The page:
Episode 013: Top 10 Tips on Cultivating an Entrepreneur Mindset

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Today’s episode is going to differ from my usual long-form interview with an African entrepreneur.

Today is a special “best of” episode where I’m going to highlight the top ten tips, advice, hacks for cultivating an entrepreneur mindset.

Since the podcast launched, I’ve interviewed a dozen amazing entrepreneurs with thriving businesses in Africa. They’ve candidly shared advice, tips, and insights into how they persevere in the face of challenges.

What’s remarkable is that all of these entrepreneurs share a common mindset that has been critical to their success. As renowned American entrepreneur Tony Robbins said, success as an entrepreneur is 20% skills and 80% psychology, or mindset. You have to develop the right psychology to handle the emotional rollercoaster of being an African entrepreneur. Being an entrepreneur anywhere is tough, but I’d argue that being an entrepreneur in Africa is even more difficult.

When I looked through my notes from past episodes, it was incredible to see the similarities of these dozen entrepreneurs. Whatever the subject was – whether it be networking, finding an idea for your business, or dealing with inevitable failure – these entrepreneurs had similar opinions and approaches.

I thought it would be helpful to pick the top ten tips on cultivating an entrepreneur mindset from our past guests. I’m constantly pushing myself to experiment with the podcast because I want to make the best content for you, the YAE listener.

Since I’m exploring with a new format, I’d love to get your feedback. Send me an email at victoria@yaepodcast.com or reach out on Twitter, @yaepodcast.

Without further ado, here are the Top 10 Tips on Cultivating an Entrepreneur Mindset. 

What We Learn In This Episode

We learn in this episode how to cultivate an entrepreneur mindset which prioritizes action or thinking, looks to add value to relationships, and accepts failure as an inevitable part of entrepreneurship, and much more.

Actionable Tips (and Selected Quotes)

10) Get started

  • “Start now. You’re only going to lose time in the future. You can’t really control any outcome but if you can get started something will happen and as long as something happens you can control that something. But the one way to be sure of failure is not to do anything at all.”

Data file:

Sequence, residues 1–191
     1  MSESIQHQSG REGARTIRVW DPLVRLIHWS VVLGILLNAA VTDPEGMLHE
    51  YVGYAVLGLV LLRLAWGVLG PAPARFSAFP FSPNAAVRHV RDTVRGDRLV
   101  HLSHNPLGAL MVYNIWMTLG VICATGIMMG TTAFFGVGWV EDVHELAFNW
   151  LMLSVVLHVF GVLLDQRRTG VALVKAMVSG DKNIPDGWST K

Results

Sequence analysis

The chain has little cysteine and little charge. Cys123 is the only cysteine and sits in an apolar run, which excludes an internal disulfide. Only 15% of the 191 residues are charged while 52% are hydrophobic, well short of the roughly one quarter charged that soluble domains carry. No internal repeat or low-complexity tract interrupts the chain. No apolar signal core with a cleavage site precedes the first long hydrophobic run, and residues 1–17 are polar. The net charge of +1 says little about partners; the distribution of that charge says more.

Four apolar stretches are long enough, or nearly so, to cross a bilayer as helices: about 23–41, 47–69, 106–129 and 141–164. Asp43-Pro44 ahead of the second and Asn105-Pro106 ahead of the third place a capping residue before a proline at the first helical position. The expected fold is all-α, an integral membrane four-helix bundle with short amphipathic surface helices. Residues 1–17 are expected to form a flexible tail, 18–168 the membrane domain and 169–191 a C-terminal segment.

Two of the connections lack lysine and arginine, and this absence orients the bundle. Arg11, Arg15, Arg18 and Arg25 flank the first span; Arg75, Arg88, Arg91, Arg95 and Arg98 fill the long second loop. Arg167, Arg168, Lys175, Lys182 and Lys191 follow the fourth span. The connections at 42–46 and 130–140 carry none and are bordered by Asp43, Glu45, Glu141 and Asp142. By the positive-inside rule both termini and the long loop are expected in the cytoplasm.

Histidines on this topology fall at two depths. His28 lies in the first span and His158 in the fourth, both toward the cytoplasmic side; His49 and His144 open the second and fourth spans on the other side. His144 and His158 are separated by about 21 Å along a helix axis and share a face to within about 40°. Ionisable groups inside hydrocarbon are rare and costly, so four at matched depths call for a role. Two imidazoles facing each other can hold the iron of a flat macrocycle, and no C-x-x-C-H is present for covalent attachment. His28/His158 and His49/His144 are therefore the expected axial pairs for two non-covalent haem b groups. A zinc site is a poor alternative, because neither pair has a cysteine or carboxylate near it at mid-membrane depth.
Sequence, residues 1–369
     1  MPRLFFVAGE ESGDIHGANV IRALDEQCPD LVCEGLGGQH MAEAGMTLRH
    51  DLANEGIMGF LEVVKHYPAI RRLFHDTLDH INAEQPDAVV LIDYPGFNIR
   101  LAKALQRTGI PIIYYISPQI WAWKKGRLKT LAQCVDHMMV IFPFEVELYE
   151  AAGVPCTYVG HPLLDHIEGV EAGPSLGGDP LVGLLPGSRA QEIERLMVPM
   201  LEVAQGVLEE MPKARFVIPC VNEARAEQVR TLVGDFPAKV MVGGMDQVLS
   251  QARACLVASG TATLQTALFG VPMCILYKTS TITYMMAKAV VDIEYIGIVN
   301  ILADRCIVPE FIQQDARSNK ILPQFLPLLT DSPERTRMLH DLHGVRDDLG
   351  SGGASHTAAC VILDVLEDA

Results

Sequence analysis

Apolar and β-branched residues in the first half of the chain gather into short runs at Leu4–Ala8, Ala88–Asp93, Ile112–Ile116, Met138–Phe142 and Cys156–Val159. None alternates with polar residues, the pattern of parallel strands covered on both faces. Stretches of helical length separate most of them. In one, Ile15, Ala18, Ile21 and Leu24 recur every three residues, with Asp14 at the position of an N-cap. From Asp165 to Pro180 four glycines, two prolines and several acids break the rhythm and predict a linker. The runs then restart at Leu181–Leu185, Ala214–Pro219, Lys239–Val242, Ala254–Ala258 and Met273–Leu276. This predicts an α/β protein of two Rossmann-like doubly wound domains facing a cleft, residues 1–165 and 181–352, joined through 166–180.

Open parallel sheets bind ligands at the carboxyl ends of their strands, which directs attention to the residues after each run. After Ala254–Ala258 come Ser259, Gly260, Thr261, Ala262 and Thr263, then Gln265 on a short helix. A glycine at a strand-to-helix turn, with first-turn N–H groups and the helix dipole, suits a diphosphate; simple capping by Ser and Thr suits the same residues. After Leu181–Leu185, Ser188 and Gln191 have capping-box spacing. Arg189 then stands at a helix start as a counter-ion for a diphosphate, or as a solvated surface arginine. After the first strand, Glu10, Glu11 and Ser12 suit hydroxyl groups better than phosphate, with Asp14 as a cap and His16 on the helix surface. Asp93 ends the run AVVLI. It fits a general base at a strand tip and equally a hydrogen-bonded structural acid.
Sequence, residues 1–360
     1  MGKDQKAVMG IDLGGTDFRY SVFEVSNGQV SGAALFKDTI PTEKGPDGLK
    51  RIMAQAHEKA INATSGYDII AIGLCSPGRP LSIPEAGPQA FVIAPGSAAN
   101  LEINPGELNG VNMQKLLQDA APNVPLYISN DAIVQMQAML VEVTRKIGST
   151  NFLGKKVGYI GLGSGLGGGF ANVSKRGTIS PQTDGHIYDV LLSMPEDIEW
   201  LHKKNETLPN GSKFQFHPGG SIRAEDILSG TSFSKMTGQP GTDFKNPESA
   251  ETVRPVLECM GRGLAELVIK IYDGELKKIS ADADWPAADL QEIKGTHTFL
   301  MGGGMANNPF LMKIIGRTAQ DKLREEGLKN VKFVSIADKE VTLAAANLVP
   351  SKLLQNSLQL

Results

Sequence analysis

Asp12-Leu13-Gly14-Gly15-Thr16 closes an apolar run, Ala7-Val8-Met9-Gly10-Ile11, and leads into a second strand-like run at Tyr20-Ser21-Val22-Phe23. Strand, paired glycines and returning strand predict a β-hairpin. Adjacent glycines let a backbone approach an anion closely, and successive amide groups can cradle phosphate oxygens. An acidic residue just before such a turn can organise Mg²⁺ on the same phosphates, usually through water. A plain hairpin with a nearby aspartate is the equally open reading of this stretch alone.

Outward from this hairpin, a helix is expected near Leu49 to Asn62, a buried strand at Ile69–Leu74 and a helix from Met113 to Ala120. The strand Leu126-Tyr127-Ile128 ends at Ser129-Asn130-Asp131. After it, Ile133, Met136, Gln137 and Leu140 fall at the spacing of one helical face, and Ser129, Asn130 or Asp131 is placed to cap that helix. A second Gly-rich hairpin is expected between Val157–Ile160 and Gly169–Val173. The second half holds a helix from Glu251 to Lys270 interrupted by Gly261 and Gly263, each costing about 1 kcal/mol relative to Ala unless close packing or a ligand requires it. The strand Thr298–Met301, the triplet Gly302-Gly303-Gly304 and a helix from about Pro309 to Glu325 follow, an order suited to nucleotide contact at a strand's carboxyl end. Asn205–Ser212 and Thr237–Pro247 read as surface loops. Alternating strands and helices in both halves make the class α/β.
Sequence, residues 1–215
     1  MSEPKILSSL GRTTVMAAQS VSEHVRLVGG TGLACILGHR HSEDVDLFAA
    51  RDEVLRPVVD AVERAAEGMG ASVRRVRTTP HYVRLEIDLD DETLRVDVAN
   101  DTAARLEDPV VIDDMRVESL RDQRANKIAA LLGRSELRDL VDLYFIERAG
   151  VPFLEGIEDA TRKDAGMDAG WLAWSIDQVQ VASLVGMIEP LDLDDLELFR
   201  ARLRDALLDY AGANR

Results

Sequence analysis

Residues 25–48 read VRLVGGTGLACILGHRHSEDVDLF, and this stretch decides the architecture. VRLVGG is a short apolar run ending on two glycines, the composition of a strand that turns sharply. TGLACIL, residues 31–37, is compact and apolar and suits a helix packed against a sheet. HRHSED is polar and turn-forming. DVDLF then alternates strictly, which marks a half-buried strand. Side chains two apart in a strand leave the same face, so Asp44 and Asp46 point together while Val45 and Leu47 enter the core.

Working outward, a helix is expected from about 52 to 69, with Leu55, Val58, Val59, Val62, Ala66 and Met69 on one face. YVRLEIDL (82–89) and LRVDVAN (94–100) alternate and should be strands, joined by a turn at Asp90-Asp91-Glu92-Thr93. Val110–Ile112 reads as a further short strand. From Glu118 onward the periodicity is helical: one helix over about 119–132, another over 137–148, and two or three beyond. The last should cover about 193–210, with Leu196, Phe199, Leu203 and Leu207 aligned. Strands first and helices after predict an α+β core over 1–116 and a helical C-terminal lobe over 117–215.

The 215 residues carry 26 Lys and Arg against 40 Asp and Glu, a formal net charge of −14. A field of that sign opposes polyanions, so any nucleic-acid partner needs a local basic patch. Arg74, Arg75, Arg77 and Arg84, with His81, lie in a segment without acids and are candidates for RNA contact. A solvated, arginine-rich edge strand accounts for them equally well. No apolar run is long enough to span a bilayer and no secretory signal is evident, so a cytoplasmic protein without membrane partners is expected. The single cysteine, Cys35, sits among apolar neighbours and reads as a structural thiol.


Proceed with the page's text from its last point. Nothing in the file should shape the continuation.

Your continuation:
-- Wiza Jalakasi, Africa is Talking

  • “Don’t wait until the situation is perfect. Just go out and do it. Be very conscious of your burn rate and your downside. Know how many chips you have to play with at all times.”

-- Sean Keough, EQOS Global

9) Focus on the customer

  • “Find a customer. The most important thing is getting some revenue traction and a path to revenue, which means a customer. We get intoxicated by our products and what we build as tech people generally. Once you’ve found a customer, serving that customer helps you build the right thing.”

--Erik Hersman of BRCK and the iHub

  • “Young entrepreneurs in Africa are starting companies just because of the money and making the name. But I don’t actually see it that way. Even when I started, I saw it that way: get the money, secure the funds, and try to build up the company. But, now my focus is what value added service are you giving the people?”

-- Patrick Muhire, Vugapay

  • “Start small and validate your idea. Before you invest a great deal of time and money into something, make sure that there’s a market. It doesn’t have to be a major market. When you start small you’ve made fewer assumptions. You see where the latent deal takes you. You then figure out: how do I add value? It’s a solution to a problem that they know exists and that there’s already a demand for. Trying to create demand is just a little too expensive.”

-- Feleg Tsegaye, Deliver Addis

  • “Find something that people are already paying for it and do it more efficiently, quickly better, etc.”

-- Daniel Yu, Sokowatch